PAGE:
Lateral view of a male Striated Pardalote "uropygialis" (photo courtesy of P. Brown)
[Darwin, NT, June 2018]

Lateral view of a male Striated Pardalote (photo courtesy of B. Hensen)
[Casuarina Coastal Reserve, Darwin, NT, March 2013]

Partly obscured lateral view of a male Striated Pardalote; this is the bird whose calls were recorded on 19 February 2018 (photo courtesy of P. Brown)
[Holmes Jungle Nature Park, Darwin, NT, February 2018]

Near-dorsal view of a male Striated Pardalote (photo courtesy of P. Brown)
[Lake Argyle, near Kununurra, WA, April 2018]

Ventral view of a male Striated Pardalote (photo courtesy of P. Brown)
[Holmes Jungle Nature Park, Darwin, NT, February 2018]

FEMALE

Pair of Striated Pardalotes, race "uropygialis"; female above - note the grey cap (photo courtesy of B. Hensen)
[Rapid Creek, Darwin, NT, June 2018]

Frontal view of a female Striated Pardalote, race "uropygialis", with its head turned - note the grey cap
(photo courtesy of B. Hensen)
[Rapid Creek, Darwin, NT, June 2018]

Lateral view of a female Striated Pardalote (photo courtesy of B. Hensen)
[Rapid Creek, Darwin, NT, June 2018]

IMMATURE/JUVENILE

Lateral view of a juvenile Striated Pardalote "uropygialis" (photo courtesy of B. Hensen)
[Darwin, NT, August 2017]

Breeding information

Breeding season: Aug - Jan Eggs: 3 - 4 Incubation period: 14 - 16 days Fledging age: ca. 21 - 28 days

In the tropical North of Australia Stritaed Pardalotes breed during the dry season.

These two Striated Pardalotes are getting "into the mood"
[Eulah Creek, NSW, June 2012]

Lateral view of a Striated Pardalote collecting nesting material (photo courtesy of C. Hayne)
[5 km east of Armidale, NSW, September 2013]

Nest

"bungobittah", "malunna" = nest [Aboriginal]

Type: Tunnel or hollow with basket Material: Bark strips, grass Height above ground: 0 - 10 m

Striated Pardalotes not only build their own nests, but have also been observed by us recycling other species' nests. Usually they use horizontal branches, but also various substitutes, such as pipes.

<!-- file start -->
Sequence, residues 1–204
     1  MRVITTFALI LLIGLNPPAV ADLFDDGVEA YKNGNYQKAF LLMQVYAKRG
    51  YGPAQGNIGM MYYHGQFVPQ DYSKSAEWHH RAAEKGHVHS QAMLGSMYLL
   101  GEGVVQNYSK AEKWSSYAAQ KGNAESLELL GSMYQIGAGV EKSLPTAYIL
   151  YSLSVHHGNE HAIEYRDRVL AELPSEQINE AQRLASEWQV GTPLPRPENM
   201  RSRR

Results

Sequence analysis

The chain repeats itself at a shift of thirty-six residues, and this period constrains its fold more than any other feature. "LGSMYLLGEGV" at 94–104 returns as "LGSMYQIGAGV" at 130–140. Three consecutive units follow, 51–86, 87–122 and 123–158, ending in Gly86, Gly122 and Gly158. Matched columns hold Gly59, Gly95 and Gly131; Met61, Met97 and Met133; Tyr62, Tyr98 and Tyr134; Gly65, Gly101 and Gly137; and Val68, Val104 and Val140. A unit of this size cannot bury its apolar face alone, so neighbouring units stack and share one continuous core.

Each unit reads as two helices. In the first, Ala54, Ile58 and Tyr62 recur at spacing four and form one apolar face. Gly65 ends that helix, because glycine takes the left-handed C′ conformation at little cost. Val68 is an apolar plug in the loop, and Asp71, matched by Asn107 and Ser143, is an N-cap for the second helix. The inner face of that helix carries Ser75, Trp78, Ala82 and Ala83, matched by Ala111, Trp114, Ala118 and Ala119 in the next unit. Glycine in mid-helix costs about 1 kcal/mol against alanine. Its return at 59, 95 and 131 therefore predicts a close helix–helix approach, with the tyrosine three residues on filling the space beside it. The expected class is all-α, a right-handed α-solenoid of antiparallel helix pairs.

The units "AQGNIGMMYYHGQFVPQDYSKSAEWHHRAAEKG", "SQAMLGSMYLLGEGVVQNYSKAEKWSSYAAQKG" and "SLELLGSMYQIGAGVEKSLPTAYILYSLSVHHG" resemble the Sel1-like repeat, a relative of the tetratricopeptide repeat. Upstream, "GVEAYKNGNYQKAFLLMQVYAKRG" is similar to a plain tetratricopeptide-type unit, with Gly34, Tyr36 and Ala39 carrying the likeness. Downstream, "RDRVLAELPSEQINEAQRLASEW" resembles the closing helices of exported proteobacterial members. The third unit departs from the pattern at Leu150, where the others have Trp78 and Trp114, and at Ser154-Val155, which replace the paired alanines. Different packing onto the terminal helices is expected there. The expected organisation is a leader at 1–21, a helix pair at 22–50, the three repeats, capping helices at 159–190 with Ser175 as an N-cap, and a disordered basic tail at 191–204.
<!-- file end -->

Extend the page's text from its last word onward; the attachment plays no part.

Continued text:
There is a separate page describing the dissection of a Striated Pardalote nest.

Entrance to a Striated Pardalote nest tunnel (photo courtesy of P. Brown)
[Darwin, NT, June 2018]

Striated Pardalote leaving its nest tunnel (photo courtesy of P. Brown)
[Darwin, NT, June 2018]

Overview of the location of the above Striated Pardalote nest tunnel in the cut-out sandbank of an eroded beach (photo courtesy of P. Brown)
[Darwin, NT, June 2018]

Striated Pardalote at the entrance of its nesting hollow in an ironbark eucalypt tree
[Eulah Creek, NSW, January 2008]

This Fairy Martin nest (the one with the bottle shape right at the centre) was re-used by a pair of Striated Pardalotes; an attempt to photograph a bird when entering or leaving failed due to bad light under the overhanging rock
[Dripping Rock, near Maules Creek, NSW, October 2011]

Striated Pardalotes can be very crafty when it comes to selecting the right nesting hollow (photo courtesy of C. Hayne)

Striated Pardalote entering its nesting hollow (photo courtesy of C. Hayne)

This Striated Pardalote is entering its nesting hollow in a vertical creek bank
[Near Narrabri, NSW, October 2014]

Striated Pardalote leaving its nest tunnel to dispose of a poo sac discharged by a chick (photo courtesy of L. Tonnochy)
[Near Townsville, QLD, August 2016]

Striated Pardalote bringing food for its chicks (photo courtesy of L. Tonnochy)
[Near Townsville, QLD, August 2016]